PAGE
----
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New car prices increased by 3% in June in the US

COVID-19 coronavirus pandemic continues to impact the economy, but nonetheless, the average price of new vehicles purchased this June increased to $38,530, representing a boost of over three percent compared to a year ago, according to experts at Kelley Blue Book.

While sales across the three months ending in June are projected to be decreasing 35 percent because of the coronavirus crisis and the “ensuing economic recession,” sale prices have strengthed more than normal, according to analyst Tim Fleming.

“The industry average increased 3 percent – because of the increases in non-luxury cars – and light truck sales mix at around 75 percent of the total market,” he said. “Today’s new-car buyers are likely more financially secure despite the economic uncertainty, and they are buying a disproportionate number of trucks and SUVs.”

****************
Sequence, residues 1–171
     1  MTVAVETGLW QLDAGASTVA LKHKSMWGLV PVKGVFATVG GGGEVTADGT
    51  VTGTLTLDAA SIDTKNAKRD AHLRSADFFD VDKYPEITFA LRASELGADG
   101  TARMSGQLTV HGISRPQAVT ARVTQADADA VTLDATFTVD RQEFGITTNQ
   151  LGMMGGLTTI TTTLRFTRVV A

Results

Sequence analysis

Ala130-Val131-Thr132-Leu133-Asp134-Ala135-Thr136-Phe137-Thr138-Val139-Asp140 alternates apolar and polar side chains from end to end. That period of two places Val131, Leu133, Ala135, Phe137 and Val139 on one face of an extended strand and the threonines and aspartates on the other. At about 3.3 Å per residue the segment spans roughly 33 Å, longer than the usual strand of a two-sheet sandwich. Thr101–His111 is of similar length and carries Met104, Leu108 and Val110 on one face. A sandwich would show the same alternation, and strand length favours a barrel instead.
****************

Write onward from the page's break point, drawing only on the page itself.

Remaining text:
The average transaction price (ATP) of vehicles made by Nissan North America, which consists of the Nissan and Infiniti brands, increased the most in June, increasing 8.5 percent from the same period last year, Kelley Blue Book noted.

The ATP of the manufacturer’s redesigned Versa increased 15 percent and the Sentra increased 7 percent. Nissan’s mid-size Frontier increased by over 4 percent. The automaker’s top seller, the Rogue, saw a boost of 1.5 percent — it will be replaced with a new generation later on in 2020.

Analysts cautioned that these elevated costs are likely to remain throughout the summer months because of the coronavirus led plant shutdowns in the past months and the slow supply chain ramp-ups that followed, together with the recent resurgence in used car values.

Although buyers are visiting dealerships, they are still not ready for the luxury brands, which saw a 1.5 percent decline in prices, Fleming said.

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